I think it’s honestly better than their Batman– O’Neil and Adams influenced each other and stretched each other creatively on this book in all sorts of ways. I think it’s dated insofar as the approach to the issues have dated but I think there’s something about it that’s still quite vital.

[…] Moore’s Supreme — reissued by Checker on WOWIO — is voted among the Top 100 Comic Book RunsComics Should Be Good readers at leading online comics magazine CBR. […]

“I’m a big Denny O’Neil fan, but I agree the writing on GL/GA has dated. That’s not all bad– I mean, it’s kind of neat, in an historical way, that it gives us such a clear snapshot of what comics and their culture were like in the early 70s– but it does make for painful speechifying at times. The Neal Adams art, however, holds up beautifully– the covers are some of his best ever, and the work inside the book is extraordinarily dynamic and exciting. If O’Neil’s preachy scripts insipired that kind of work, then they’re totally worth it.”
——————————————-

I do agree that the writing is dated – and I know I am splitting hairs here, and feel you would probably agree with me – but what I found interesting when I re-read the run recently, and compared it to its contemporaries at both Marvel and DC, was that the writing was actually 10 to 15 years AHEAD of itself.

So, dated “yes” but in my opinion dated in the way that average comics of the 1980’s are. Head and shoulders less dated than most stuff published in the 1970’s.

GL/GA has definitely dated. And I think those issues are rather one-sided politically (maybe my memory is faulty here, but Hal didn’t come off all that conservative did he?). People really overstate the ‘bravery’ of the creators on that one. For 30 years now we’ve had leftist creators being praised by a leftist media and a mostly sympathetic fan base. Wow, way to go out on a limb there. Steve Ditko, inserting Objectivism theory in Mr. A seems more daring, but what do I know.

Ethan Van Sciver had the best line about this – When Lantern hangs his head in shame after being confronted by a black man (“You save the purple man, but what about the black man”) what he should have said was “Do you live on Earth? Then I’m pretty sure I’ve done something seeing as how I’ve saved the planet over a hundred times”

Yeah, if you actually go back and read the other stuff available in comics in the early seventies, there wasn’t anything that overtly leftist, believe me.

Van Sciver’s comment bears some agreement, and does take the world of DC comics into account, but not the climate of the early seventies.

Reading it now – even as the lefty that I am – I shudder at how lacking in nuance the arguments being made were, but if you consider the time they were written, things were unfortunately viewed pretty polemically by any mainstream media/entertainment.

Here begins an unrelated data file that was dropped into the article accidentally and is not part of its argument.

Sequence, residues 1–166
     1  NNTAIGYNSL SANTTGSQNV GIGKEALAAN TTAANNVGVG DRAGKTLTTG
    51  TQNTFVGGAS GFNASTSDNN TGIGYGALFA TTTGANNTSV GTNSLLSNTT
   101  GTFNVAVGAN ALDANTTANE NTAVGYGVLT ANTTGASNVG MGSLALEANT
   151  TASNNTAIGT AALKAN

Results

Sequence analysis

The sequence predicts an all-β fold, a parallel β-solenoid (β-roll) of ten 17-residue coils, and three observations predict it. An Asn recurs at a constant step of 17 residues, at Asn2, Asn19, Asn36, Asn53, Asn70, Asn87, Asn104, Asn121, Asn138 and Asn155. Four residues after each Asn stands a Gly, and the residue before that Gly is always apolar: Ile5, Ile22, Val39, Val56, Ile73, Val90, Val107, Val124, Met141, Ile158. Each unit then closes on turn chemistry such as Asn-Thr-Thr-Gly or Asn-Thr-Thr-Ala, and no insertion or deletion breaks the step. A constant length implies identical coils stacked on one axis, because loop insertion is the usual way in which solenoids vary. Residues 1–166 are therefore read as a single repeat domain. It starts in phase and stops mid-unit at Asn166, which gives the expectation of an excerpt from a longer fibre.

I think that what tends to get missed because of the political aspect of these stories in GL/GA is that it was the first serious time that DC tried to give more of a defined – as opposed to generic – character to these two characters.

This has had both good and bad consequences for both of them.

In the case of GL, it too Johns to finally reconcile the aspects of character, so that Hal wasn’t JUST a navel-gazing and introspective whiner.

In the case of GA, I think that has started to happen to some extent only now.

My other problem with the writing is that it actually condescends (though I appreciate it does so unintentionally) towards left-leaning people as well as right-leaning people, by presenting caricatures of both. Though O’Neil was at times ‘fair and balanced’ – he did afterall write more than a few were Oliver got it wrong, and where his extremist tendencies actually created more problems.

However, it was a step in the right direction towards using the medium as a ptential tool for ideas beyond simple super-heroics.

Well put Tariq.

authority gl/ga stern avengers supreme johns flash

Warren Ellis & Bryan Hitch’s Authority – This run was huge for me. It didn’t make my list but would have definitely been in my Top 20. This run moved the bar up in a way that hasn’t happened since the New X-Men debuted. This was crazy good. If you dig spandex and are somewhat familiar with Ellis’ work, how could you not like this ? All this an The Bleed.

Denny O’Neil & Neal Adams’ Green Lantern / Green Arrow – Truly a ground breaking series, though O’Neil gets a little preachy and heavy handed and his dialogue is painful in spots, but Adams works is, once again, legendary and always a joy to behold. An essential part of any collection IMO but not overall making the cut for me.

Stern’s Avengers – Missed this run with art by Big John Buscema and Tom Palmer (nice). Sounds good but I haven’t read it.

Alan Moore’s Supremen – Don’t know how a Silver Age Superfan couldn’t love these. Definite keepers.

Johns’ Flash – I picked it up from the first issue and pretty much didn’t let it down until the end. Johns really got the character and his world, just like he did with JSA and GL. The only Johns stories I haven’t cared for are the latter Infinite Crisis. His fleshing out the Rogues Gallery was great and I liked how he tried to add some new dimension and characters. Solid reading.

I liked ‘Supreme’, but I liked every run ranked below it that I’ve read more. Especially shocked it beat ‘Top 10′.

It should be noted how poor the trade collections really look.